My dominant arm is still aching after a fortnight (no crude jokes please! :P ) moving some of these honking great files around and are a few incindences due to the vast operation of it all.

We have to hold deceased patients' notes for 8 years after they croak, thus taking up valuable shelf space.

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The problem with the NHS and IT is that most software suppliers have a roughly 5 year cycle after which everything is obsolete and you are expected to throw it away and start again - that is fine if you are running a shop or a garage or a food distributor or a chemical factory or whatever, but it doesnt work for patient records that can be needed in 50 years time.

Also the whole thing with scanning - instead of a huge bundle of paper you will just have a computer screen and have to page down 500 times to get to the relevant information. I don't think thats going to be an improvement, more likekly key information will be missed.

At my Dr's surgery all the screens are still 12 inches, to read an A4 document they have to page down 3 times.

Will they give decent monitors to the people on the front line or will all the money go to friends of the goverment at incompetent companies like Capita?

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On 10/11/2018 at 11:01, Habeas Domus said:

The problem with the NHS and IT is that most software suppliers have a roughly 5 year cycle after which everything is obsolete and you are expected to throw it away and start again - that is fine if you are running a shop or a garage or a food distributor or a chemical factory or whatever, but it doesnt work for patient records that can be needed in 50 years time.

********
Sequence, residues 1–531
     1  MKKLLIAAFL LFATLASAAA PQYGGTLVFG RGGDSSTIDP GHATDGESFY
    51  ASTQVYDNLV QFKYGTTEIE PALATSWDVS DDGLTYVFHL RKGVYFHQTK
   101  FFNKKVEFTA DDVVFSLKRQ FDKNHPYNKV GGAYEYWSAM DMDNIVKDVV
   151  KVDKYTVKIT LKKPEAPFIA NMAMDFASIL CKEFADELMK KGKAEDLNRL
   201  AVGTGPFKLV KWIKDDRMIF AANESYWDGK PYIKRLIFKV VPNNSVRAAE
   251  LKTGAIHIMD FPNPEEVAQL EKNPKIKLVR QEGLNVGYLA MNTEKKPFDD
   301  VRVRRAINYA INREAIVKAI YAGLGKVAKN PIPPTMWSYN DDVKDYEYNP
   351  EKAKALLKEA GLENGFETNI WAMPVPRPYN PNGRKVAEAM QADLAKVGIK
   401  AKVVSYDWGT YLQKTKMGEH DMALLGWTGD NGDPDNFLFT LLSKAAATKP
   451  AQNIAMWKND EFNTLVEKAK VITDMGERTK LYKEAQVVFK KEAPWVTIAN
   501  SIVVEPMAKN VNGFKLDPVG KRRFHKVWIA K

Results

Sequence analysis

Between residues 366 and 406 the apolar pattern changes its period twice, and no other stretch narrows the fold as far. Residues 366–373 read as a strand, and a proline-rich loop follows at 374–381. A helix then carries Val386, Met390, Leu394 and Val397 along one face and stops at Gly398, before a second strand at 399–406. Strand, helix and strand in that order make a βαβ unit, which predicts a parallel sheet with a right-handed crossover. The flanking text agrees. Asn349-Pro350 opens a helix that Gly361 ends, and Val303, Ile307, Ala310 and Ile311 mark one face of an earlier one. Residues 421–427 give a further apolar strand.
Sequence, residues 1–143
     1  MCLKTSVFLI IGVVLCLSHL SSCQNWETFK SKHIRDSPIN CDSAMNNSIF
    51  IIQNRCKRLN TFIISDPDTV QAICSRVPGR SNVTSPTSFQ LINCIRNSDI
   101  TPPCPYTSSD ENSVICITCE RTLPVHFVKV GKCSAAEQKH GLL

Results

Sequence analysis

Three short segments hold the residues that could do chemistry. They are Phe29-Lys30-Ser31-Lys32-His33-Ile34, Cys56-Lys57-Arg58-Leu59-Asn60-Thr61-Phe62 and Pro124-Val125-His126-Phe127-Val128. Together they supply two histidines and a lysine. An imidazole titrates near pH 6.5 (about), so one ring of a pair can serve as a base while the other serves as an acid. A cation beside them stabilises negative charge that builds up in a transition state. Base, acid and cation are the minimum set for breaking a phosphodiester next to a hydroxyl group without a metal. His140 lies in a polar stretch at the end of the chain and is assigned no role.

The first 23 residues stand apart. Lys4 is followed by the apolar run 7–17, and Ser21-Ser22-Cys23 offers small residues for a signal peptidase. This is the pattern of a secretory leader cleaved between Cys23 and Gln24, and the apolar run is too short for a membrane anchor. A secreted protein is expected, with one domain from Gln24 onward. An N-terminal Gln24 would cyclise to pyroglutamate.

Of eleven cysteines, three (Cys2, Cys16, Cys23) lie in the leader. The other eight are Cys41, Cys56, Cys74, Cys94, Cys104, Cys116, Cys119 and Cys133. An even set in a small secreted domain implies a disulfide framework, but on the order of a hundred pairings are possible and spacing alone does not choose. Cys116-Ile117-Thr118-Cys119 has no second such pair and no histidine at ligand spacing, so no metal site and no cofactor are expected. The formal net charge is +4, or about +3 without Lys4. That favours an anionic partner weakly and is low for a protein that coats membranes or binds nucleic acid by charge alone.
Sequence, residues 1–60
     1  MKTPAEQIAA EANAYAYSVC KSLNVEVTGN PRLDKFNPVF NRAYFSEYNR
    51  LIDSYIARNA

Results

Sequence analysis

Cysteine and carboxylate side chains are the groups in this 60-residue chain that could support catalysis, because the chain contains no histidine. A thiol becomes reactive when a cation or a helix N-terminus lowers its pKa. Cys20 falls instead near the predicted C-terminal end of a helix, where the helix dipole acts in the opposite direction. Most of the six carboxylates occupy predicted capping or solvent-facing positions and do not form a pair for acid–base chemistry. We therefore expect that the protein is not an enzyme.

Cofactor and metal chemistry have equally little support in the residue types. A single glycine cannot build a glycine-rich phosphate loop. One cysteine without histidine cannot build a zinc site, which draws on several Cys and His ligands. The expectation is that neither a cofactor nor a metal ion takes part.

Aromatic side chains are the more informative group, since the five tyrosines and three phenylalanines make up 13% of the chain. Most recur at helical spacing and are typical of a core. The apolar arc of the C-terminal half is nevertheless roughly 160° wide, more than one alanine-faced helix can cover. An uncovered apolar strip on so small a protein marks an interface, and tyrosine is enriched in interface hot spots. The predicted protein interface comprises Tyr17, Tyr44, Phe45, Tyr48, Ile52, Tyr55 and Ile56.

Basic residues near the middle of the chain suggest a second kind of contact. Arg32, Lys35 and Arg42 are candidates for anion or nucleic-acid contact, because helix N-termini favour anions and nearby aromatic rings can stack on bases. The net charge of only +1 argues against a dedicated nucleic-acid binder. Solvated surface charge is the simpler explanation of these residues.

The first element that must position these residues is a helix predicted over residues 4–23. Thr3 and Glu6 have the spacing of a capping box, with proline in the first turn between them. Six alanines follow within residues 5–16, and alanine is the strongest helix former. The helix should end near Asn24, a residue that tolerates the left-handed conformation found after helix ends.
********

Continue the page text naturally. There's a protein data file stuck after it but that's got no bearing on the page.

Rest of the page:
Also the whole thing with scanning - instead of a huge bundle of paper you will just have a computer screen and have to page down 500 times to get to the relevant information. I don't think thats going to be an improvement, more likekly key information will be missed.

At my Dr's surgery all the screens are still 12 inches, to read an A4 document they have to page down 3 times.

Will they give decent monitors to the people on the front line or will all the money go to friends of the goverment at incompetent companies like Capita?

Surely, the advantage of scanning lies in ocr. Scrolling is then irrelevant, unless you want to read the whole doc.

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41 minutes ago, Sledgehead said:

Surely, the advantage of scanning lies in ocr. Scrolling is then irrelevant, unless you want to read the whole doc.

OCR or typing it all in, it's still going to be the same amount of text to scroll through.